American Beauty
Boys Don't Cry
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It would be an otherwise eventless Saturday evening, eventless in a way because of my underestimation of D.C. ‘s arthouse traffic. Both "Being John Malkovich" and "Rosetta" had "soldout" signs hanging high above their respective ticket offices. And there I was, disappointed and listless, at the center of D.C.’s nightlife, the trendy Dupont Circle. And very quickly I decided to escalate myself down into the monotonous metro tunnel. I was on my way back. As if the world was echoing my mood at that moment, the Red Line train I embarked upon was as lethargic as I was, with passengers lolling on the lifeless vinyl seats. But the coma was broken cheerfully in no time by probably the most cliché but entrancing moment in human life: a kiss, a hug, a smile. And there they are, the couple sitting right in front of me, the couple radiating warmth if not sizzling heat to the otherwise bleak milieu, the couple in love. As if holiness always goes hand in hand with blasphemy, a muffled curse drifted its way from the other side of the aisle, from a swarthy looking guy. "Faggots!" Oh, my God! (I know I never told you that it was a gay couple in my narration, but do I have to?) The train soon hit the platform of the next station. The swarthy guy was on his way out. He got out and turned around and stared at the couple through the window while walking back toward the other end of the train. And what came next from him was happening so fast and so smooth without any trace of staccato. It was a swing, a swing of loosely clenched fist going straight in the direction of the couple on the train. The window the couple sitting next to sent off a muffled cry as soon as the fist touched the glass. I was sitting right behind them and could feel the window vibrating from the strike. I was truly truly dumbfounded, looking at the guy with my inexperienced incredulity. Hatred, disgust, and vengeance were the fire in his eyes and right at that moment the train was pulling out of the station…
To call "Boys Don’t Cry" a gay or lesbian movie will undoubtedly do a horrendous disservice to the real story the movie is based upon. Brandon Teena (or Teena Brandon), the main character in the movie, never looks at herself as a lesbian. The fact the she dates only girls instead of guys comes naturally from her belief that she is simply doing so not because she loves girls but because HE loves girls. So here HE is, an otherwise ordinary Nebraska girl, who has never had the faintest doubt that despite her female body she is man, a real man. So HE changed HIS name from Teena Brandon to Brandon Teena; so HE flattens her breasts with cloth, wears short hair, and puts on a cowboy hat ; so he hangs out with guys in the bars, drinking beer and chasing girls. He is a handsome young man and knows how to treat a woman… What happened next has long become public knowledge due to the bona fide nature of the story. There is this day when Brandon’s "true" identity is discovered by HIS buddies. Then HE is raped, beaten, and finally murdered in cold blood.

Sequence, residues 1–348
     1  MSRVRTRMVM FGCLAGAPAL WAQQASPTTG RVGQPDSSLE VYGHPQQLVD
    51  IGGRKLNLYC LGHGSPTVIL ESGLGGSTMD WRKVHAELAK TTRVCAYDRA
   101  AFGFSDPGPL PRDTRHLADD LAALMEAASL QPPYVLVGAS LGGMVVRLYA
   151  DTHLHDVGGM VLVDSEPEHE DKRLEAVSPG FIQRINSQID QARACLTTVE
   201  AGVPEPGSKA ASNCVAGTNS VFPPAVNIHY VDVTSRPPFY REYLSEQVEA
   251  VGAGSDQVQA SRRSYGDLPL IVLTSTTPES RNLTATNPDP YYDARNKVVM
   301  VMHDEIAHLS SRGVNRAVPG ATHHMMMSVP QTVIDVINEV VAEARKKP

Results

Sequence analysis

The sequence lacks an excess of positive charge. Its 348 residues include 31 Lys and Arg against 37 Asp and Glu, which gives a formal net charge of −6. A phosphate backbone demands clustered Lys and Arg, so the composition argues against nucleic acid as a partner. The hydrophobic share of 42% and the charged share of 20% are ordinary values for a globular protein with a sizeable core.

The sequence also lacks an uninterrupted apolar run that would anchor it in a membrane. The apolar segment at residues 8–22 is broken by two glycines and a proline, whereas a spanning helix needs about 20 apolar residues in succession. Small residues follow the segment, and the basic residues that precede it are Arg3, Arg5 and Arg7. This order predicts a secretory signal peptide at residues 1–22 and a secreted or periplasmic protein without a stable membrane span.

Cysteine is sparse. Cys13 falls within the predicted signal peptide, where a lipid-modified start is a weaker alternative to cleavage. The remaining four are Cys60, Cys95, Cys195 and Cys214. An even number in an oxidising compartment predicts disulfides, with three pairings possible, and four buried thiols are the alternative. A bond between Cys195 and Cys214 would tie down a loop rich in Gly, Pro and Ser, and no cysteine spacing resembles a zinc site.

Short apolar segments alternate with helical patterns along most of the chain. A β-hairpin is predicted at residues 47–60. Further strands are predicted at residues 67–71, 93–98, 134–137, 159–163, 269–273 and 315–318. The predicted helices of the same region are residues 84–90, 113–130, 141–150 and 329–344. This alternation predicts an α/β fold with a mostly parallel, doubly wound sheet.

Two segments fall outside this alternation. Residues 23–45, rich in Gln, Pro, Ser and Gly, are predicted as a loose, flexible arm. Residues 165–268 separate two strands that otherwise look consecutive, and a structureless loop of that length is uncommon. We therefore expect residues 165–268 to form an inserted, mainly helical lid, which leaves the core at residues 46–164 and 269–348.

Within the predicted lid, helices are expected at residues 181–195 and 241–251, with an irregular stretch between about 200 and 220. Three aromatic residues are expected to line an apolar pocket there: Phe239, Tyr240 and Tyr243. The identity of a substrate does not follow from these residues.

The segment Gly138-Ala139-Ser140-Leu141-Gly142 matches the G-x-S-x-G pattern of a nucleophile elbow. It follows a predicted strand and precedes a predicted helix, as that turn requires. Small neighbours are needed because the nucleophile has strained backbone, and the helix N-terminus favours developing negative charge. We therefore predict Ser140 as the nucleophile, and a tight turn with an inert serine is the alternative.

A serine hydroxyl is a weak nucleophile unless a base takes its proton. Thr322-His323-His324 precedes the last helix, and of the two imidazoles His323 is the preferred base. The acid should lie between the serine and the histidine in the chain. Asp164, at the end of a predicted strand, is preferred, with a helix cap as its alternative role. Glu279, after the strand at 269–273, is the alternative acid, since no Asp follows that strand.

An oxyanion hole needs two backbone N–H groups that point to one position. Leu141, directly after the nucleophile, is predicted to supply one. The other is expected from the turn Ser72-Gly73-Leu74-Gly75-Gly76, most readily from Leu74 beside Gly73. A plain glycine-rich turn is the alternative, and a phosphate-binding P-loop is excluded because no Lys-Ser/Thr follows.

The trauma I witnessed on Metro and the life/death Brandon went through, though seemingly unrelated to each other, are sharing the same origin: the deep rooted hatred against those who choose to live a different life. Such hatred is oftentimes so entrenched that the only way to discharge it is through violence, no matter whether it is in the form of a swing on the glass of a train or a gunshot on the body of a life. But who the hell give us/them the right to hurt or harm a person simply because his/her romantic bliss and sexual ecstasy are lodged in making love to the same gender or in Brandon’s case because he believes that his sexual organ cannot deny his true identity? Being straight and being part of the majority certainly do not give us/them the insolence to abuse. For God’s sake we are not even talking about criminals, but people whose goal of life is no different from anyone of us: to pursue happiness as much as they can. After all, they probably have all the more right to stand up and seek vengeance upon us. It is us who turn our heads away from them with disgust, who claim they are not normal even though normality is defined by those who launch the accusation, who feel our identity so threatened by the existence of difference that the only way to eradicate the uneasiness is to eradicate the difference, who make their life as miserable and impossible to live in this demagogic democracy, who treat them as pieces of shit instead of human beings. But the gay couple I met on Metro the other night, they looked at the swarthy guy while his fist was hitting the glass. They just looked at him without any inkling of hatred. They just looked at him and then turned their faces toward each other. They smiled, kissed, held each other tighter as if their hug is their bulletproof sanctuary that nothing abusive can penetrate. The train was on its way to the next station…
Hilary Swank was nominated for the Best Performance by an Actress in a Motion Picture (Drama) and Chloe Sevign the Best Performance by an Actress in a Supporting Role in a Motion Picture (Drama) in Golden Globe (2000).
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Boys Don't Cry